Patton Kizzire is currently the only two-time PGA Tour winner this season, but Austin Cook hopes to join him this week at the CareerBuilder Challenge.

Cook won for the first time in November at the RSM Classic, a victory that catapaulted him from the Web.com Tour graduate category into an entirely new echelon. Cook notched a pair of top-25 finishes over the last two weeks in Hawaii, and he's again in the mix after an opening 63 on the Nicklaus Tournament Course left him one shot behind Jon Rahm.

"Today was great," Cook told reporters. "The conditions were perfect, but I always loved desert golf and I was just hitting the ball well and seeing good lines on the greens and hitting good putts."

Cook got off to a fast start, playing his first seven holes in 6 under highlighted by an eagle on the par-5 fourth hole. He briefly entertained the notion of a sub-60 round after birdies on Nos. 10 and 11 before closing with six pars and a birdie.

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Cook was a relative unknown before his victory at Sea Island earlier this season, but now with the flexibility and confidence afforded by a win he hopes to build on his burgeoning momentum this week in California.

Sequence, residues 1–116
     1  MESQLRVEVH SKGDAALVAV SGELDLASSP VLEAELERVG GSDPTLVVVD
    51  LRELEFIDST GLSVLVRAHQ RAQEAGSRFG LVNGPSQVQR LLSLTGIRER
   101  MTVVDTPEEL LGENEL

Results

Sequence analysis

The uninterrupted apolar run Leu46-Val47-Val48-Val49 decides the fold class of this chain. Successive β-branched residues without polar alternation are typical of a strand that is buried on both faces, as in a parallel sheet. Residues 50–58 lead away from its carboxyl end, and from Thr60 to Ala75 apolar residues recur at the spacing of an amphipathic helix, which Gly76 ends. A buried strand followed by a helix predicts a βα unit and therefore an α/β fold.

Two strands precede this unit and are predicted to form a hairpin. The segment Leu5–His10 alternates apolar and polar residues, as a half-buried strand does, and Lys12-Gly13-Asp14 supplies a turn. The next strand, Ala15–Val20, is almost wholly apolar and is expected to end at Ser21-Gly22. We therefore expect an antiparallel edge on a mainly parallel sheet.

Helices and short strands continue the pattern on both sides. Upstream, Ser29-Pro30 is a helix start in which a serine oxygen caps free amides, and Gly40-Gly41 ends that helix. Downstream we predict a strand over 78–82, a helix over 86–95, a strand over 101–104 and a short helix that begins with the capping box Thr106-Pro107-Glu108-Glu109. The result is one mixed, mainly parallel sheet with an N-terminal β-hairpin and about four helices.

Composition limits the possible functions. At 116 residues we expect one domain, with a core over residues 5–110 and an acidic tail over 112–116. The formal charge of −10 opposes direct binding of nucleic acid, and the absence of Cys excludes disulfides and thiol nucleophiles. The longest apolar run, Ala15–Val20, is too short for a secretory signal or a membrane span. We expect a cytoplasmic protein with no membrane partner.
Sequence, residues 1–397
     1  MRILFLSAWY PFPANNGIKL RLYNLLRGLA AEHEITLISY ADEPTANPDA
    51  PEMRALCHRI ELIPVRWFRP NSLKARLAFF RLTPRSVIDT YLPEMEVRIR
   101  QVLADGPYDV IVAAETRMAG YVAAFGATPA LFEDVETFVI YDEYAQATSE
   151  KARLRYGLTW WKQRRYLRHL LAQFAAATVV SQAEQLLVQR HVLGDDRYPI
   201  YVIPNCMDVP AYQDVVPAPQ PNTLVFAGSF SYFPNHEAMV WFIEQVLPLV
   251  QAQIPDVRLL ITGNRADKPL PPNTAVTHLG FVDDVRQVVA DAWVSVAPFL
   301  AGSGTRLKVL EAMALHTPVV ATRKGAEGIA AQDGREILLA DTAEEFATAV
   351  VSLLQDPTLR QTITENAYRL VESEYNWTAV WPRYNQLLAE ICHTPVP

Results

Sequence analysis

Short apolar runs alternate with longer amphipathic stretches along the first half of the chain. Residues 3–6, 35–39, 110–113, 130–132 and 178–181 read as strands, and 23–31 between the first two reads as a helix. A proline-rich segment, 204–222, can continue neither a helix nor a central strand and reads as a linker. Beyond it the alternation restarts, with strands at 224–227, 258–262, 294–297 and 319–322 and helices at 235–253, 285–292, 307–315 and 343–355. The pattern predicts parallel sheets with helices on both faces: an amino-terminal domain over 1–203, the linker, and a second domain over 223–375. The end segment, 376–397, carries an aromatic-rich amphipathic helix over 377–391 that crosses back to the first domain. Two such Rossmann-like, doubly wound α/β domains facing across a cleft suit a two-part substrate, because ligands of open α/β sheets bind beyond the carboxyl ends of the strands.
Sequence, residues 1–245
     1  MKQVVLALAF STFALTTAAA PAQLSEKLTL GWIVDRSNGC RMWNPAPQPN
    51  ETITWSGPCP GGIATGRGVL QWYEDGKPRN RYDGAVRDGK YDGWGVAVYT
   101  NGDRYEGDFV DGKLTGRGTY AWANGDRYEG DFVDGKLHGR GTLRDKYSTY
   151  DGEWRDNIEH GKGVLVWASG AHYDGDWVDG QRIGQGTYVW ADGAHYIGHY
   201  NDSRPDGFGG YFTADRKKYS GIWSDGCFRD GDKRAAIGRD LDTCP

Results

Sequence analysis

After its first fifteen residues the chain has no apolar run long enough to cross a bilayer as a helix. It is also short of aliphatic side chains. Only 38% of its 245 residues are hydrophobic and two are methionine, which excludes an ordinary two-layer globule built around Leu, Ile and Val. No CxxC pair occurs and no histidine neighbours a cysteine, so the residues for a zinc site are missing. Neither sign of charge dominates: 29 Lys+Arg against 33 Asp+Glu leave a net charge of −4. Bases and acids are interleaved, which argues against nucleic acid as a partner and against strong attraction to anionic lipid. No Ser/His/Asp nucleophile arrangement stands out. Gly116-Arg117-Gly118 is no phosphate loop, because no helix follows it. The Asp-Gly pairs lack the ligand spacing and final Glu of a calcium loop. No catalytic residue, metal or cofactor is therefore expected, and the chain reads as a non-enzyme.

"That was a big, proud moment for myself, knowing that I can finish a tournament," Cook said. "I think it was one of those things that I've proven to myself that now I can do it, and it just meant the world to me."

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Photo: Fleetwood's phone cover is picture of Bjorn

By Jason CrookJanuary 18, 2018, 11:40 pm

There's phone covers and then there are Phone Covers.

Paul Casey has himself a Phone Cover, showing off the protective case that features a picture of his wife at last year's U.S. Open.

Now, it appears, Tommy Fleetwood has joined the movement.

Fleetwood, last year's season-long Race to Dubai winner, has a phone cover with a picture of Ryder Cup captain Thomas Bjorn on it. And not even a current Thomas Bjorn. This is a young Bjorn. A hair-having Bjorn.


A post shared by Alex Noren (@alexnoren1) on

The 26-year-old is a virtual lock for this year's European Ryder Cup team, but just in case, he's carrying around a phone with a picture of the team captain attached to the back of it.

It's a bold strategy, Cotton. Let's see if it pays off for him.